This will be the final post in this series, and in it we will look at Lewis’s notion of “smuggling theology.” In a letter he wrote to a friend he said, “any amount of theology can now be smuggled into people’s minds under the cover of romance without their knowing it.” The Abolition of Man is a brilliant work of philosophy, robust critique of “Scientism,” and a compelling defense of universal moral law, but it is not as readily accessible to the masses. Lewis, therefore, writes these same truths into his novel That Hideous Strength. He says, “This is a ‘tall story’ about devilry, though it has behind it a serious “point” which I have tried to make in my Abolition of Man.” Lewis, therefore, teaches us how to thoughtfully and creatively use our imagination in theology, not simply how to reason.
In That Hideous Strength Lewis develops the truths in The Abolition of Man in many different ways. First, he portrays the book as an epic struggle between good and evil. The N.I.C.E (The National Institute of Coordinated Experiments) is an organization that is determined to establish the reign of science. Thus, the N.I.C.E represents the “controllers,” who propagate ideas like the one in The Green Book. Their ambition is to create a new breed of humanity in which emotion disappears and objectivity is attained. Along with emotion, the N.I.C.E must also to destroy any sense of a moral norm that would inform right or wrong emotional responses. One of the characters named Frost says, “When you have obtained real objectivity you will recognize not some motives, but all motives are really animal, subjective epiphenomena. You will then have no motives and you will find that you do not need them…. So far from being impoverished you action will become much more efficient.” The N.I.C.E is attempting to create a new breed of humans who will be controlled by this innovative program.
Those running this experiment want power and control. Control and power are major themes in the book, as Lewis says in the The Abolition of Man, “The true object is to extend man’s power to the performance of all things possible.” The N.I.C.E are looking at the world through the lens of philosophical materialism. Science is their God. Everything for them is measurable, quantifiable, and should be ever progressing and developing. In the words of Friedrich Nietzsche, they are undertaking a “revaluation of all values,” and pursuing, “Everything that heightens the feeling of power in man, the will to power, power itself.” They are attempting to apply this method not to technology or nature, but humanity itself. In order to make this move, the few must decide what is best for the whole. David C. Downing says:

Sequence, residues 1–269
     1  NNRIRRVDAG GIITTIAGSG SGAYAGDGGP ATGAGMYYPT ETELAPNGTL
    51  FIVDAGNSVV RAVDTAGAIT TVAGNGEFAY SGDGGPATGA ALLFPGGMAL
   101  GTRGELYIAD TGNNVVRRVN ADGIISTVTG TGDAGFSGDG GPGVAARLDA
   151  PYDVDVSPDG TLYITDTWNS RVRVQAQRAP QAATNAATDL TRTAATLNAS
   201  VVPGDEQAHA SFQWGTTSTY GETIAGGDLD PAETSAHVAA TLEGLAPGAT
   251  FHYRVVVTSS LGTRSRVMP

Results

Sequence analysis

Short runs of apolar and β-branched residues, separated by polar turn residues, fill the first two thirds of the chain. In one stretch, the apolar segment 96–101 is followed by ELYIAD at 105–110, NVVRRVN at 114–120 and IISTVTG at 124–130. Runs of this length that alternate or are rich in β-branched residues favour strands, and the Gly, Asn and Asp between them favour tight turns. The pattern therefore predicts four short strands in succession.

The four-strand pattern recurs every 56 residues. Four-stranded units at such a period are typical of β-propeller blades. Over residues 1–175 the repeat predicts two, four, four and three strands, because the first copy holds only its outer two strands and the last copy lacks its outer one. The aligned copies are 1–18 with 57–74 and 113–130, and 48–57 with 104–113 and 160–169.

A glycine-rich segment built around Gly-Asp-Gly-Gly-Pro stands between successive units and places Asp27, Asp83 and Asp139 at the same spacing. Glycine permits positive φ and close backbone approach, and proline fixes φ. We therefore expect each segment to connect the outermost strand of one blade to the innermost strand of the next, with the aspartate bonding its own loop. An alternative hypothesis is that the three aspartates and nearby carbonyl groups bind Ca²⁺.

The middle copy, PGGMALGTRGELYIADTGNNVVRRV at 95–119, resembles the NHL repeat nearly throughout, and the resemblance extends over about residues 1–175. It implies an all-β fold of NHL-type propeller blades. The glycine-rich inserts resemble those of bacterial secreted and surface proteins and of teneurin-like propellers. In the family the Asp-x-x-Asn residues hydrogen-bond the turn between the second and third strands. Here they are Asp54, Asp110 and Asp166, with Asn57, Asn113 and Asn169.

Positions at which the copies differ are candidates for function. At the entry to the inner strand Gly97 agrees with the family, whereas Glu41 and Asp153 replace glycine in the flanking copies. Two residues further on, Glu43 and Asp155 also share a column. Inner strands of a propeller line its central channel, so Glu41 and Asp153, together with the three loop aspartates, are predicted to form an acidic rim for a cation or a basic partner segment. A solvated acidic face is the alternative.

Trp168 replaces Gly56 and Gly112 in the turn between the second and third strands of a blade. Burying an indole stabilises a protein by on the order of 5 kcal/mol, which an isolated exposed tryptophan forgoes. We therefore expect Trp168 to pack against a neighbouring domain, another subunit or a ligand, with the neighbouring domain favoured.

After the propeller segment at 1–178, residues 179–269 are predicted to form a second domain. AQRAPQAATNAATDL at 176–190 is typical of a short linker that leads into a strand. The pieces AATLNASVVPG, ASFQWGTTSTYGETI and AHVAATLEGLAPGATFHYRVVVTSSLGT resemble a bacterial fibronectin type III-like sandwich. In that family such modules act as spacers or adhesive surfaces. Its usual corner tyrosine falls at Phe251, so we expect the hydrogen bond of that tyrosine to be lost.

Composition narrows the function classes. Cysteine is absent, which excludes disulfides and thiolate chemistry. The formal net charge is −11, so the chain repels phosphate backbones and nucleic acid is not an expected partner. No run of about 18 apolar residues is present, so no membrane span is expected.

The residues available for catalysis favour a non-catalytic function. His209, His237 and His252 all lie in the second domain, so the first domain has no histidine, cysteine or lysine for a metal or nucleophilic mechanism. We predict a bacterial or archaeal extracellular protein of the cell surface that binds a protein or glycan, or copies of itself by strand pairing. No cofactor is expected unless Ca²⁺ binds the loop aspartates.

“In That Hideous Strength virtually all of the technocrats at N.I.C.E would qualify as people “without chests.” In their disregard for traditional moral norms, for natural beauty, for the suffering of animals and of other humans, they reduce all questions of value to matters of rationality, utility, or self-interest. They dismiss any ethical qualms about what they are doing with grandiose abstractions about the advancement of the species, or else they dismiss such qualms as meaningless biochemical events.”
In the end, everything the N.I.C.E is trying to accomplish is unraveled. One of the main characters, Merlin, puts the curse of Babel on everyone at the banquet, which causes everyone to begin speaking in different languages. This scene takes Lewis’s readers to the biblical account of the Tower of Babel, when God sovereignly intervened and thwarted humanity’s attempt to reach heaven apart from Himself. The same curse fell on those in the N.I.C.E for trying to play God. Additionally, the ones who were trying to free themselves from nature were viciously destroyed by the animals. The members of the N.I.C.E were subsequently eaten by the animas they were touring in their gross experiments. The N.I.C.E became the main course at their own banquet. What began as an attempt to be free from nature, ended in being ruled by her, “Man’s conquest of Nature turns out, in the moment of its consummation, to be Nature’s conquest of Man.”
In reality, the N.I.C.E were the ones in Lewis’s day who were driven by philosophical materialism to see progress at any cost. Yet, Lewis shows that it does have a grave cost. No idea is neutral because humans are meaning makers. You can’t be a human and not interpret the world around you. Ideas are the fruit of that interpretation.
Lewis can be a guide to us today in a postmodern and technological world where we are flooded with information and ideas. He reminds us that culture is not king, Christ is King. Indeed, the hermeneutical key to Lewis’s apologetic writings is Christ, and what he calls, praeparatione evangelica. In his many different mediums of writing, Lewis wants people to get a vision of the Way, the Truth, and the Life, Himself. Behind the truth of the moral law there is a person, and in all of his writings, Lewis is leading his readers (by God’s grace) a little closer to Christ himself. In the end, Lewis is a paradigm of wisdom because most of all he is pointing to, “Christ, in whom are hidden all the treasures of wisdom and knowledge” (Colossians 2:2-3, ESV)
Here is a lecture from Kevin Vanhoozer called, “In Bright Shadow: C.S. Lewis on the Imagination for Theology and Discipleship,” that I highly recommend.
 David C. Downing, Planets in Peril: A Critical Study of C. S. Lewis’s Ransom Trilogy (Amherst: University of Massachusetts Press, 1992), 36.
 C. S. Lewis, That Hideous Strength (New York: Scribner, 1974), 7.
 Ibid., 293.
 Lewis, “The Abolition of Man,” 457.
 Friedrich Nietzsche, “The AntiChrist,” In The Portable Nietzsche, ed. Walter Kaufmann (New York: Penguin, 1982), 570, 579.
 Downing, Planets in Peril, 56.
 Lewis, “The Abolition of Man,” 454.